Some Cicadas from Las Vegas, NV.
News Category: Cicada General Info
Some Cicadas from Las Vegas, NV.
So, is this a cool cicada or what? This little gem along with one other was captured in Las Vegas by my good friend Elias. Elias lives on Long Island and is a member of the Massachusetts Cicadas' Entomology-Cicadidae group. He was visiting Las Vegas for a 4 day bachelor party and wasn't quite sure if he wanted to spend time there hunting cicadas. But if you know Elias like I know Elias, you have to "prodd" him a little to get him going. I did this by convincing him that it would be worth his while.
Photos of all Diceroprocta by Elias Bonaros - Long Island New York
I advised him that he should take the time because it was an excellent opportunity and that he may never get back there again for quite some time.
So, taking my advice, the very last evening he was there, he managed to catch two of these cicadas from the Diceroprocta genus. He says that there were a ton of them calling from several Mesquite trees out by the Las Vegas airport.
Of course he called me like five minutes after he caught the first one and after describing it to me over the phone, I concluded that it was Diceroprocta semicinctus.
But wouldn't you know it? After receiving these photos, I had to retract my original conclusion. While these specimens have the distinct color characteristics synonymous with D. semicinctus; like the bone colored pronotal collar, the bone colored costal margin of the front forewing veins and bone colored triangular shaped opercula; I noticed that the mesothorax was an extremely pale color. D. semicinctus has a notoriously black body so these specimens were not D. semicinctus.
So, I sought help by posting the images to the above mentioned Cicadidae group. The conclusion was that these specimens were nothing more than Diceroprocta apache. But herein lies the rub. If you click here and compare the specimen in that link with the above specimens, you can see that the two just don't "jive". They are "D. apache - like", I still remained unconvinced that Elias' cicadas was this species.
I am very interested in the Diceroprocta genus for the simple fact that while there has been a lot of literature written on them, most of the literature is turning out to be in-accurate and out-dated making this whole genus of cicadas an absolute nightmare to muddle through. I had found some papers published by William T. Davis. In them he describes the following three species. (Note: the proceeding text is taken from a posting that I authored on Bugguide.net, specifically, this post here)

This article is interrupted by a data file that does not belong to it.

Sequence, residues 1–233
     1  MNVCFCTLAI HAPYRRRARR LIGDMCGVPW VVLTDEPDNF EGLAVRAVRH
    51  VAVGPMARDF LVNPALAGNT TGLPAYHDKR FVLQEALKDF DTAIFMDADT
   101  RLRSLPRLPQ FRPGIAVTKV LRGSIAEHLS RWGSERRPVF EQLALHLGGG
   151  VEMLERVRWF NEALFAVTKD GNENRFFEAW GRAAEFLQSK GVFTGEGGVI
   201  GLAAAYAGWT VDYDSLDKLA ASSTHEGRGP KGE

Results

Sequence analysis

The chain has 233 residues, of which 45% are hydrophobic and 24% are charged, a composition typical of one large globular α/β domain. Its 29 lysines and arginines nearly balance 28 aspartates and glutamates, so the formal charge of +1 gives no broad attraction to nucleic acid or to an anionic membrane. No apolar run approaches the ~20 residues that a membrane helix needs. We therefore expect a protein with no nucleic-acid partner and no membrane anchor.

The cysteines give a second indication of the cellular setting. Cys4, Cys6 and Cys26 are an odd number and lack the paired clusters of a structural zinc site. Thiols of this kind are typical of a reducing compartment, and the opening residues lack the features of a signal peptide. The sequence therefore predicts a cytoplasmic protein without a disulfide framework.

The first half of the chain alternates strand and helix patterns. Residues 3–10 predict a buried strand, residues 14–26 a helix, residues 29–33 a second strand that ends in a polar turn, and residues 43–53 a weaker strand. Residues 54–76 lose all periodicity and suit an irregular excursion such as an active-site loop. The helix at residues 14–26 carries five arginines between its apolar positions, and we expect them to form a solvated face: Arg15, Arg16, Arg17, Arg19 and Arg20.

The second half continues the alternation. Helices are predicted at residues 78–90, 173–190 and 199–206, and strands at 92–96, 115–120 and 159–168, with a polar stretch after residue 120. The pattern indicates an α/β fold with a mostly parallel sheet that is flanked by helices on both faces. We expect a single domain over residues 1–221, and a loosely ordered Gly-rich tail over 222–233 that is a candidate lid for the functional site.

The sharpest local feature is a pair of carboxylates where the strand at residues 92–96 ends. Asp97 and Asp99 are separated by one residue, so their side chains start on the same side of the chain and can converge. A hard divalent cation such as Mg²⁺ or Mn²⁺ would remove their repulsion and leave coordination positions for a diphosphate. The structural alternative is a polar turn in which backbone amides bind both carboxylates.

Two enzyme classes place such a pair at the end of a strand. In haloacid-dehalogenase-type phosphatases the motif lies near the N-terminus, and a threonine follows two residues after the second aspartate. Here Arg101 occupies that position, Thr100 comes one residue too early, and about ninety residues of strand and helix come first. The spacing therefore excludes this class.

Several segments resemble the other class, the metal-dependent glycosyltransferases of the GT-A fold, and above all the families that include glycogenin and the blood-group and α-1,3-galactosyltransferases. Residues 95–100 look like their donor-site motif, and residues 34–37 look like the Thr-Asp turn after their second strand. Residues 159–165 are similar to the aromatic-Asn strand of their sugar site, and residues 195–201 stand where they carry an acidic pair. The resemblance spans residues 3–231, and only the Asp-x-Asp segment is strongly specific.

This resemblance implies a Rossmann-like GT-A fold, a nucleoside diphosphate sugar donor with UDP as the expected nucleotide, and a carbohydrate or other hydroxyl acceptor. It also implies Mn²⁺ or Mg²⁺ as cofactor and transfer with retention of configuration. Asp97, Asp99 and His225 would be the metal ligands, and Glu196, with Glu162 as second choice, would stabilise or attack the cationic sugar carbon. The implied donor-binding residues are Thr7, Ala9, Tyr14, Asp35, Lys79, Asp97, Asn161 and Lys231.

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W.T. Davis writes:
Opercula with the outer edges nearly parallel to each other; 8th segment and middle base of tergum pruinose. Collar and costal margin of fore wing usually bright orange in color.
Hind margin of pronotum or collar yellowish, or straw colored; eyes reddish and membranes at base of both pair of wings pale; often straw-colored. Pubescence at base of abdomen golden.
Hind margin of pronotum or collar with anerior portion blackish and posterior portion pale. Eighth segmen pruinose, and pubescence at base of abdomen silvery. Eyes darker than in apache (not redish in dried specimens), and membranes at base of all wings darker gray. Usually smaller than apache and with opercula more extended at tips.
I would also like to add that based on my personal observations of several examples that I have in my collection is that D. apache differs from D. semicinta in the following ways.
Has a thin line of black that bisects the anterior portions of the pronotal collar with the posterior portion being orange or straw colored.
Has an all straw or bone colored pronotal collar with no bisection of black in the anterior portions. D. semicincta maculations (patterns of reds and browns) on the mesonotum are less prominent than in D. apache.
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So, What is this Already?
However, that being said, I just uncovered another paper by Davis (Journal of the New York Entomological Society Vol. L, June 1942, Pages 169 - 187) where he describes a"paler" form of D. apache as being Diceroprocta apache var. ochroleuca. While yes it is the same species, it is a "more northern variety" described in 1942. So, is the mystery solved yet? Nope, not quite
You see according to the Code of Zoological Nomenclature, anything described before 1960 as a variety is no longer valid and must be synonymized to the level of species. Since varieties were once believed to be subspecies now, it is not valid and must be moved to the level of species. So then "technically speaking" this is just a lighter color form of D. apache based on these news rules.